International trade is about more than sending what you made at home to another country. Like Germany’s pillows and China’s Oreos, sometimes, they might not like it.
One new resident of Berlin called her 31″ by 31″ pillow “a giant marshmallow.” Too large, it was also too soft.
When you lay your head on a traditional German pillow, all support disappears. Although you have a vast expanse of pillow on which to lie, there is little support because the down filling migrates to the corners.
One blogger posted this image to show that the German pillow is far larger than the human head:
Meanwhile, in Austria, pillows are either 60 X 80 or 70 x 90 centimeters. For Switzerland, it is even more complicated with pillows in the German region measuring 65 x 65 centimeters but elsewhere they could be 60 x 60, 50 x 90, or 60 x 90.
Because the U.S., standard pillow is 20 x 26 inches (50.8 x 66.04 centimeters), we might have a tough time selling it in Germany.
Everybody in the U.S. knows that eating an Oreo is an experience. You split open the cookie, slowly swallow the filling, and then submerge its chocolate remains in your milk. At Mondelēz they call it, “Twist, Lick, Dunk.”
When the Oreo team brought their cookie to China in 1996, they expected that familiar enthusiastic response. Like always, they just replicated their U.S. ads, in-store displays, pricing, and packaging. Especially because biscuit sales were up in China, they thought they had another winner. Instead, sales were tepid. Consumers said the taste was too sweet and no one knew to “twist, lick, and dunk.”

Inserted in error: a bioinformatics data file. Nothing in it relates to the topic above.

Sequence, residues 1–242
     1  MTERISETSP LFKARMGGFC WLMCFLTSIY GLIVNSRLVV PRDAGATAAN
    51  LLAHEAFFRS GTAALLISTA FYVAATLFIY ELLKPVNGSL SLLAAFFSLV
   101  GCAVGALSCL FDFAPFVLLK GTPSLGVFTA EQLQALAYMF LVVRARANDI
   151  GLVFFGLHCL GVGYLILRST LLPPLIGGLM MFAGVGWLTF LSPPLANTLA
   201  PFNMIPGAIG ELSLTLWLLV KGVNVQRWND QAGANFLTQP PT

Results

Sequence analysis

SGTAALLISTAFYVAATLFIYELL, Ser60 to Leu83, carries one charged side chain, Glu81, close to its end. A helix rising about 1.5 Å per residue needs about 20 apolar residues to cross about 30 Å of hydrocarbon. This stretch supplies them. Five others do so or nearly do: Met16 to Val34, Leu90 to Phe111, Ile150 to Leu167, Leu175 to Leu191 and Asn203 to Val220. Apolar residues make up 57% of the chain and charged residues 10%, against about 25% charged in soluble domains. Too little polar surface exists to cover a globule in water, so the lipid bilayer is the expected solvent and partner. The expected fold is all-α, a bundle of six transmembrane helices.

Taking a second look at the Chinese cookie eater, Kraft (its snack food unit became Mondelez in 2012) decided to redefine the Oreo experience. They made the cookie less sweet, created a cylindrical/straw-like Oreo that dipped but did not divide, and developed nonwhite fillings. With the new product, they marketed a cheaper package that more people could afford and an ad campaign that introduced the dunk in the milk concept. The result? Oreo became #1 in China.
In China, the Oreo did not have to be round:
Our Bottom Line: Globalization
Being a trading nation is about more than shipping products abroad. At first it was the 18th century New England merchants who orchestrated trade from home. During the 19th century, businesses like I. M. Singer & Co. (sewing machines) secured foreign patents, sold exclusive selling rights to representatives abroad and established foreign manufacturing facilities. Then, the next step was the foreign subsidiary through which the multinational firm increasingly took on the identity of its home away from home.
And that returns us to the German pillow and the Chinese Oreo.
My sources and more: Reading about German pillows reminded me it was time to return to Chinese Oreos. Since hey were first introduced in 1996, their popularity has gone up and down and up again. Please note that several of today’s paragraphs were in a previous econlife post.